Opinion: 7-Eleven scandal

By in Sustainability in the Workplace

Time to look closely at franchises and their supply chains

In sustainability it is often said that ‘we don’t live on an island and what we do in one place impacts on others’.  And this has always been the case for environmental issues such as pollution, waste and greenhouse gas emissions.

But last Monday night’s Four Corners program also highlighted human rights issues in Australia. Who’d have thought it?

Four Corners reported that many 7-Eleven franchisees were allegedly breaching workers rights and underpaying employees. This breaches one of the core foundations of sustainability; a core that many thought was done and dusted in Australia due to our Fair Work Act. Not so apparently.

7-Eleven is a highly visible franchise model. If the company structure is so flawed that franchisees need to cut wages to make money, how will customers react to that information? How long can the 7-Eleven last, if customers react to these lack of ethics?

Let’s think about it. More than half of their current customers probably won’t even connect the stories in the press to their local store and will continue to use. Fifteen to twenty per cent will stop using 7-Eleven immediately and may confront the store for ‘an explanation of whether this activity is reflected in my local store’. The other thirtyish per cent will probably reduce their interaction and ‘claim’ to have stopped using 7-Eleven.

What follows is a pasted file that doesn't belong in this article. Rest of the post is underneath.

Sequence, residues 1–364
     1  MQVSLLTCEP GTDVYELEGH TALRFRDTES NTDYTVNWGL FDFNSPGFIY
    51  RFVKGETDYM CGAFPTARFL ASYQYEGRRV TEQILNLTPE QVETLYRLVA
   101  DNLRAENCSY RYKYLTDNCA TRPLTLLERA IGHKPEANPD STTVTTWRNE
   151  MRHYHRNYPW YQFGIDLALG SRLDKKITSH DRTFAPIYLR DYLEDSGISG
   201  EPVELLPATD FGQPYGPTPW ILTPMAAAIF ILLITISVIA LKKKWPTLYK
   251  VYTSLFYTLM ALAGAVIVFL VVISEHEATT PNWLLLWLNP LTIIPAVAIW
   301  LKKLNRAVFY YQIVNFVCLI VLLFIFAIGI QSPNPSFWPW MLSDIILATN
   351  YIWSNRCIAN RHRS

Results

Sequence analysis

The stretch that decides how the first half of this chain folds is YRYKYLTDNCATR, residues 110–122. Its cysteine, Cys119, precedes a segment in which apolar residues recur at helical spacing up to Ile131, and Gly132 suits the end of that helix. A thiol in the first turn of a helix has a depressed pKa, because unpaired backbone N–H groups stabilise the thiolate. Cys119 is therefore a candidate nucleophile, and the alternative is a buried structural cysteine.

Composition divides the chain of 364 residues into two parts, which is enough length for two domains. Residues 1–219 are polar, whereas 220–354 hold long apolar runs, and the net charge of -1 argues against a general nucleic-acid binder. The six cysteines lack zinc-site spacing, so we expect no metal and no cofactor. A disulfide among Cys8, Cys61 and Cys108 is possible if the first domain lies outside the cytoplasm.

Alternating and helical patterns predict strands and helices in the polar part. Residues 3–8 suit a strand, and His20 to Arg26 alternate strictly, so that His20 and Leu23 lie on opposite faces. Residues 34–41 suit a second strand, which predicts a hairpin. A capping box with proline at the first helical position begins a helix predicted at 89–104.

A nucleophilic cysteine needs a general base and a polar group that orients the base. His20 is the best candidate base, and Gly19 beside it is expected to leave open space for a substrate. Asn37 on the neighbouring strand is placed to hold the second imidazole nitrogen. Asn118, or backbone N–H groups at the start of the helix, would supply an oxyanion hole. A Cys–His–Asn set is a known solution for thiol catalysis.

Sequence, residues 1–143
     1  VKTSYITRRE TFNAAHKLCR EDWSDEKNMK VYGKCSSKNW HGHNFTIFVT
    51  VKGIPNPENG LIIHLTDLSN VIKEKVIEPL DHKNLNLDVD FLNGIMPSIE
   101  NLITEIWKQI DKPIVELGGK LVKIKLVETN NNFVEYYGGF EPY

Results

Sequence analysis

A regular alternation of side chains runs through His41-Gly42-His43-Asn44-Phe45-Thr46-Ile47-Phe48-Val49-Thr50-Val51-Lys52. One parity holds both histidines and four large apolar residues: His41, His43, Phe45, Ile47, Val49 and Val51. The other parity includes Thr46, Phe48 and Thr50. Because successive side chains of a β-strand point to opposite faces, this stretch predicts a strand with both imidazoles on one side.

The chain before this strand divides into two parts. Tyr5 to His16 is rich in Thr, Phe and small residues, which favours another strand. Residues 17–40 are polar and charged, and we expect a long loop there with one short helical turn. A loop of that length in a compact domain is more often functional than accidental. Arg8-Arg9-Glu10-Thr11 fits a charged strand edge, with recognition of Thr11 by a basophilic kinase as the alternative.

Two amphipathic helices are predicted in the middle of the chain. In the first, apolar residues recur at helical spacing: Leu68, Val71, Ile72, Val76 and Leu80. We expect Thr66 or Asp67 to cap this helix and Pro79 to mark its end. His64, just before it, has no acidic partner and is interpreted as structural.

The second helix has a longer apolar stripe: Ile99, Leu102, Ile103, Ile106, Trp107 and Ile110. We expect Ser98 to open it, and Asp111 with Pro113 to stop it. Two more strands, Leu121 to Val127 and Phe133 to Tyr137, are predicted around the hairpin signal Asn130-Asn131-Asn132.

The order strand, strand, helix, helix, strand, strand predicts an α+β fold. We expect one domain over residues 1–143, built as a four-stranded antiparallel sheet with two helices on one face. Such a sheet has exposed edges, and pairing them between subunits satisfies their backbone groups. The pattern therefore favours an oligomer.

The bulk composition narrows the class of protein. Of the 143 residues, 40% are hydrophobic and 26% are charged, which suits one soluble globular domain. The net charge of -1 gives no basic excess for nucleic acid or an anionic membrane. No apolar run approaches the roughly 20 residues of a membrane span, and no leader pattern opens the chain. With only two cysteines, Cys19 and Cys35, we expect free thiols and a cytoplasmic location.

If this story continues and we start to meet the ‘real people’ affected by these stories, then those twenty per cent of ‘stopped users’ become agitators influencing people to make and stand and to stop using the stores. The percentage of non-users will grow and before long, 7-Eleven could become a company from history.

From a revenue sense, the bottom-line on each and every 7-Eleven store is negatively impacted today and if the margins are to be believed, then most franchisees will be in trouble.

This brings me back to Alan Fels comment on 4 Corners that the 7-Eleven model is a flawed franchise model. If 7-Eleven has so little concern for its workers, what other negative environmental impacts do these stores hide? Perhaps it’s time to have increased supply chain and procurement transparency for franchises.

And what worries me even further is how many other convenience stores have modelled their franchise-structure on the 7-Eleven model? Perhaps franchise head offices should produce sustainability reports that drive a culture of transparency and sustainability rather than a culture of making a buck at the expense of everyone else.

Read more about the 7-Eleven scandal in our news article here.

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